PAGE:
Table 2

Table 2

However, anxiety was significantly more frequent among women, in older age groups and among the married elderly. Regarding mixed disorder, it was significantly more frequent among older age groups.

Table 3 shows the association between depression and/or anxiety among the elderly with different clinical and psychological characteristics. The following was found on comparing depression, anxiety and mixed disorder groups with the normal group: depression was significantly associated with loneliness feeling, a partially independent functional status, a poor perceived heath status, the presence and the number of diagnosed comorbidities, a low (<50%) well-being index and being unsatisfied with family support, geriatric home working team support, and recreational activities.

Table 3

Table 3

Anxiety was significantly associated with loneliness feeling, the presence and the number of diagnosed comorbidities, a low (<50%) well-being index and being unsatisfied with family support, geriatric home working team support and recreational activities.

Mixed disorder was significantly associated with a partially independent functional status, a poor perceived heath status, a low (<50%) well-being index and being unsatisfied with family support, geriatric home working team support and recreational activities.

Table 4 shows the correlation results between depression and anxiety scores among the elderly with the studied quantitative variables. The depression score was positively correlated with the loneliness feeling score and the number of diagnosed comorbidities, whereas it was negatively correlated with the functional status score and some components of well-being scores (satisfaction scores with health, the standard of living, future security and spirituality or religion) and the well-being score.

Table 4

Table 4

The anxiety score was positively correlated with age and the number of diagnosed comorbidities, whereas it was negatively correlated with some components of well-being scores (satisfaction scores with the standard of living and safety feeling) and the well-being score.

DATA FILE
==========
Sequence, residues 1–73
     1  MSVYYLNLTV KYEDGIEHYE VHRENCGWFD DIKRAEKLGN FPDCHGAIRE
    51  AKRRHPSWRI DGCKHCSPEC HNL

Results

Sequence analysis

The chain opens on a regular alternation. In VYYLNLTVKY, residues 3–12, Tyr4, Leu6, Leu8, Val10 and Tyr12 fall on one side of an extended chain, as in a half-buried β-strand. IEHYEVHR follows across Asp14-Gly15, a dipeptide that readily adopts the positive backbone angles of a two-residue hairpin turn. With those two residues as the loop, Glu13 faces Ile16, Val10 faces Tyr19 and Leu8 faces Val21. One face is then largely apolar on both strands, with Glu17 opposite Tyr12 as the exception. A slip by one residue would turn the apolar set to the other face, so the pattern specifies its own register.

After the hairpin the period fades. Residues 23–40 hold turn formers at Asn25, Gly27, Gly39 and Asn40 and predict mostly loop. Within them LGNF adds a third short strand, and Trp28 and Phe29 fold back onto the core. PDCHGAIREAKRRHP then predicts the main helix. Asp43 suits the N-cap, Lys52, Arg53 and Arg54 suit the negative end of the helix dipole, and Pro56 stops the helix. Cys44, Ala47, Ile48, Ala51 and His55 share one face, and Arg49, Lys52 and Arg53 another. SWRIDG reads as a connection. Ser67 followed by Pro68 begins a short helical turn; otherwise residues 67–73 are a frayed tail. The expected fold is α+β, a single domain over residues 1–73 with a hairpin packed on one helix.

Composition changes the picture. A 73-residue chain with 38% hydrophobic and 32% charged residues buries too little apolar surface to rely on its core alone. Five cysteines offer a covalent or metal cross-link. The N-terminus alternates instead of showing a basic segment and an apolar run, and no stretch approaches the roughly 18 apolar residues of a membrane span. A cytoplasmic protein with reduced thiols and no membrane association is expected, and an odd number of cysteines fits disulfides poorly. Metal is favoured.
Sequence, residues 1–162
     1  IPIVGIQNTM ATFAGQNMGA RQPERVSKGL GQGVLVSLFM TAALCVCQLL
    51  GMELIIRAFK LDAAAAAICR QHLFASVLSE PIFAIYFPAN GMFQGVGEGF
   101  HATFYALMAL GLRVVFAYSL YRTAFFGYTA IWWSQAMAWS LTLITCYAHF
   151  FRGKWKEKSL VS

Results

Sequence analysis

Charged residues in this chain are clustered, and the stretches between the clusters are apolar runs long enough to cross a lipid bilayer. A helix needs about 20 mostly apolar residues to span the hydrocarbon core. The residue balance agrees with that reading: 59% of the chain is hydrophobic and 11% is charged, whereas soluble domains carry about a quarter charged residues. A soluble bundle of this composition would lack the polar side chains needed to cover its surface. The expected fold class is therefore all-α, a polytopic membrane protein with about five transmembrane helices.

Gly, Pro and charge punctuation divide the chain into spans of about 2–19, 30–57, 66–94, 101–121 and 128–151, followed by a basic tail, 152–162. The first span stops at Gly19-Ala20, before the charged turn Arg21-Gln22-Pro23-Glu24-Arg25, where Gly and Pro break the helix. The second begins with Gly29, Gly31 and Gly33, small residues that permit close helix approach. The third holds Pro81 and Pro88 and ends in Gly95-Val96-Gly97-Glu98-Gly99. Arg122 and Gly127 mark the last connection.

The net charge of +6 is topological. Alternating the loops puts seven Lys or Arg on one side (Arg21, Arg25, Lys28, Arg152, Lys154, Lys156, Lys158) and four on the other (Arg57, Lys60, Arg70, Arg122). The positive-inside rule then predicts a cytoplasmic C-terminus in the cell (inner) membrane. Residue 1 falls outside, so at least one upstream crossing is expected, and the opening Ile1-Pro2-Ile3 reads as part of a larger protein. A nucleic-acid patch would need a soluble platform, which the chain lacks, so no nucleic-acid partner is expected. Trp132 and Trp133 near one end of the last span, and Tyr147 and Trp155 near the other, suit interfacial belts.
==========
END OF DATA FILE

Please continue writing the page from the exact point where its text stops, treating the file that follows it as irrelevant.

Table 5 shows the results of the logistic regression analysis to test for significant predictors of depression, anxiety or mixed disorder. Age, sex, the marital status, education, occupation, income sufficiency, the social score, the functional status, comorbidities, and loneliness feeling were assessed in the three regression models. Regarding depression, an older age, female sex, insufficient income, a lower social class, a partially independent functional status, the presence of comorbidities and more frequent loneliness feeling were found to be significant predictors for the presence of depression. Regarding anxiety, an older age, being married or divorced, the presence of comorbidities and more frequent loneliness feeling were found to be significant predictors for the presence of anxiety. Regarding mixed disorder, an older age, a partially independent functional status and the presence of comorbidities were found to be significant predictors.

Table 5

Table 5

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Discussion

Depression and anxiety in the elderly are common problems that are often not diagnosed and consequently not treated 8. The co-occurrence of anxiety and depression in elderly patients is strongly associated with symptomatic overlap and frequent progression of anxiety to depression over time 17.

The prevalence of depression among our studied population was 37.5%. This figure matches other previous studies such as those of Shehatah et al. 11, who reported 31.4% among 86 elderly participants in a suburban community in Egypt, and Wada et al. 33, who reported 33.5% in their study on 5363 community-dwelling elderly. A low prevalence were reported in China and in Western Europe (3.9 and 12% consequently) owing to the difference in cultures as reported by a meta-analysis conducted by the University of Liverpool 34.

The prevalence of depression and combined depression with anxiety was 67.5% in this study. A similar high rate was also noticed in some Egyptian studies such as that of Hamza et al. 35, who reported a rate of depression of 64% among 100 elderly patients recruited from the inpatient unit, Ain Shams University hospitals. In contrast, the study conducted by Abdul Rahman 15 including 168 elderly recruited from two geriatric homes found that 81% of their participants were suffering from depressive manifestations. This high prevalence can be explained by the difference in the age distribution as participants above 70 years of age constituted 42.3% of the sample. Also, a study in Alexandria reported a higher prevalence of depression among hospitalized elderly (79%) compared with institutionalized (36%) and community-dwelling (24%) elderly 12. Higher rates of depression among hospitalized inpatients may be explained by the fact that the patients may be depressed by being ill, being away from their families, being unable to work and facing a risk of death.